Includes FREE MP3
of this album.
Sign in to turn on 1-Click ordering.
More Buying Choices
Have one to sell? Sell yours here
Available to Download Now
Buy the MP3 album for 4.99
Sorry, this item is not available in
Image not available for
Image not available


Genius of Modern Music, Vol. 1

Thelonious Monk, T. S. Monk Audio CD
4.5 out of 5 stars  See all reviews (4 customer reviews)
Price: 12.98 & FREE Delivery in the UK. Details
o o o o o o o o o o o o o o o o o o o o o o o o o o o o o o o o o o o o o o o o o o o o o o o o o o o o o o o o o o o o o o o o
 : Includes FREE MP3 version of this album.
   Does not apply to gift orders. See Terms and Conditions for important information about costs that may apply for the MP3 version in case of returns and cancellations.
Temporarily out of stock.
Order now and we'll deliver when available. We'll e-mail you with an estimated delivery date as soon as we have more information. Your account will only be charged when we dispatch the item.
Dispatched from and sold by Amazon. Gift-wrap available.
Complete your purchase to add the MP3 version to your Amazon music library. Provided by Amazon EU S. r.l.
Buy the MP3 album for 4.99 at the Amazon Digital Music Store.

Amazon Artist Stores

All the music, full streaming songs, photos, videos, biographies, discussions, and more.

Special Offers and Product Promotions

  • Spend 30 and get Norton 360 21.0 - 3 Computers, 1 Year 2014 for 24.99. Here's how (terms and conditions apply)

Frequently Bought Together

Genius of Modern Music, Vol. 1 + Genius of Modern Music Vol 2 + Straight, No Chaser
Price For All Three: 35.20

These items are dispatched from and sold by different sellers.

Buy the selected items together

Customers Who Bought This Item Also Bought

Product details

  • Audio CD (23 May 1997)
  • Number of Discs: 1
  • Label: Blue Note
  • ASIN: B000005HBS
  • Other Editions: Audio CD  |  Audio Cassette  |  Vinyl  |  MP3 Download
  • Average Customer Review: 4.5 out of 5 stars  See all reviews (4 customer reviews)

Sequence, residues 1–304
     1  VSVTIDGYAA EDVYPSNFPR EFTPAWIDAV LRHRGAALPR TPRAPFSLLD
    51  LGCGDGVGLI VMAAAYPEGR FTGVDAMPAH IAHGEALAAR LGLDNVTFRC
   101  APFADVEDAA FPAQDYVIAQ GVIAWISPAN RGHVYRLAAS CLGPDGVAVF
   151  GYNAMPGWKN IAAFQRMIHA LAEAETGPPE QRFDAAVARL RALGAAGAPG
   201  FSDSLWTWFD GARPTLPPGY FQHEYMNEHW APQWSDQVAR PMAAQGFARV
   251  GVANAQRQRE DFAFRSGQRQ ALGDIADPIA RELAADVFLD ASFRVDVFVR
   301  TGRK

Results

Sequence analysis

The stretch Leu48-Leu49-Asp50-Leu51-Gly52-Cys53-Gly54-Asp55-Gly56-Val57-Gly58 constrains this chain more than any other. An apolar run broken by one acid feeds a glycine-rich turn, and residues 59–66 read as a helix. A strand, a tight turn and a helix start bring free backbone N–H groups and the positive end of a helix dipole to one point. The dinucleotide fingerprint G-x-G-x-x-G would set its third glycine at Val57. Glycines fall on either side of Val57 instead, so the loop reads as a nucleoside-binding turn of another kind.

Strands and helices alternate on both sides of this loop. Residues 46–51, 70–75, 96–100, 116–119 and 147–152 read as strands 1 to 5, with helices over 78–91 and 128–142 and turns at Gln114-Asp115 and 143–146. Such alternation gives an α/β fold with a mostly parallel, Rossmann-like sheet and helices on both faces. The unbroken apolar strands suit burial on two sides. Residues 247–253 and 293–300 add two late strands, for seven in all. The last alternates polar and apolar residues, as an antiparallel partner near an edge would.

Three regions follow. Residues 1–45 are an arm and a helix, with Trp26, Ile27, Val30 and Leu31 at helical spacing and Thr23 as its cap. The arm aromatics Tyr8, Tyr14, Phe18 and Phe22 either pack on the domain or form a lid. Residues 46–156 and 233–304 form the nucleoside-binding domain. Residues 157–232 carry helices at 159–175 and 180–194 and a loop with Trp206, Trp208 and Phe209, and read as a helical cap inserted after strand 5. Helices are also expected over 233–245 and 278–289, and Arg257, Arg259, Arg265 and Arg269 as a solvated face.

• Amazon Bestsellers Rank: 167,711 in Music (See Top 100 in Music)

1. Humph
2. Envoce (Alternate Take)
3. Envoce
4. Suburban Eyes
5. Suburban Eyes (Alternate Take)
6. Thelonious
7. Nice Work Of You Can Get It (Alternate Take)
8. Nice Work Of You Can Get It
9. Ruby My Dear (Alternate Take)
10. Ruby My Dear
11. Well You Needn't
12. Well You Needn't (Alternate Take)
13. April In Paris (Alternate Take)
14. April In Paris
15. Off minor
16. Introspection
17. In Walked Bud
18. Monk's Mood
19. Who Knows
20. 'Round Midnight
See all 21 tracks on this disc

Product Description

Meredith Monk ~ Genius Of Modern Music 1

Customer Reviews

4 star
2 star
1 star
4.5 out of 5 stars
4.5 out of 5 stars
Most Helpful Customer Reviews
17 of 17 people found the following review helpful
5.0 out of 5 stars The great Monk 6 Jun 2007
Format:Audio CD
This first volume of recordings is an essential purchase for any Jazz fan capturing Thelonious Monk in the very early days of be-bop, playing many of his most famous tunes.

Recorded in October and November 1947 in New York City, the album features the following musicians:

Thelonious Monk - Piano

Art Blakey - drums,

Gene Ramey, Bob Paige - bass

Idrees Sulieman, George Tait - Trumpet

Danny Quebec West, Sahib Shihab - Alto Sax

Baring mind the age of the recordings the sound quality is remarkably good and of course Monks distinctive compositions and playing dominate proceedings. Of the non-Monk tunes perhaps the best are his versions of Gershwins "Nice Work..." which he takes to another place entirely. Of Monks own compositions the beautiful "Ruby My Dear" and the swinging "Well You Needn't" are perhaps my favourites.

The 2nd volume is well worth getting as this also features Milt Jackson on a number tracks as well. So get both volumes and enjoy Monk!
Comment | 
Was this review helpful to you?
22 of 23 people found the following review helpful
By Jason Parkes #1 HALL OF FAME
Format:Audio CD
This is a welcome reissue of the excellent two volume collections 'Genius of Modern Music' released on Blue Note...Basically, jazz with avant-garde leanings- these volumes offer a great overview of the Monk. While not complete, they offer alternate takes of tracks...What can I say?- openers 'Humph' & 'Evonce' bridge the gap between Parker & Davis. 'Thelonious', 'Nice work if you can get it', 'Ruby my Dear', 'Well you Needn't', 'Round Midnight' etc all provide reasons to purchase...This album needs to be heard- the re-mastering has given a wonderful clarity...My only quibble is reference to tracks such as 'Epistrophy', 'Mysterioso' & 'I mean You' on the cover- where are these tracks?...So, along with the Second volume, I would reccomend 'Straight no Chaser' & the budget-priced 'Greatest Hits'...Great stuff!!!